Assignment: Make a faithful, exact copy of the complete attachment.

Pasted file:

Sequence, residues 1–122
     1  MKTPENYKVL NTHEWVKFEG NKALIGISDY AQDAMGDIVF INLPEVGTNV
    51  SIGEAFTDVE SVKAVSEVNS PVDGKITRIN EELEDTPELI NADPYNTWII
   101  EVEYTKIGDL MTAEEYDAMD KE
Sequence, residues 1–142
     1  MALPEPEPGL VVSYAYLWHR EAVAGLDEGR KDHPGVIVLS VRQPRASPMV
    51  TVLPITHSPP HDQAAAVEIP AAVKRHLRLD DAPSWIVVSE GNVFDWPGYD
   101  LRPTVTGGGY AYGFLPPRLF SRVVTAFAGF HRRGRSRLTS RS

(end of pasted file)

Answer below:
Sequence, residues 1–122
     1  MKTPENYKVL NTHEWVKFEG NKALIGISDY AQDAMGDIVF INLPEVGTNV
    51  SIGEAFTDVE SVKAVSEVNS PVDGKITRIN EELEDTPELI NADPYNTWII
   101  EVEYTKIGDL MTAEEYDAMD KE
Sequence, residues 1–142
     1  MALPEPEPGL VVSYAYLWHR EAVAGLDEGR KDHPGVIVLS VRQPRASPMV
    51  TVLPITHSPP HDQAAAVEIP AAVKRHLRLD DAPSWIVVSE GNVFDWPGYD
   101  LRPTVTGGGY AYGFLPPRLF SRVVTAFAGF HRRGRSRLTS RS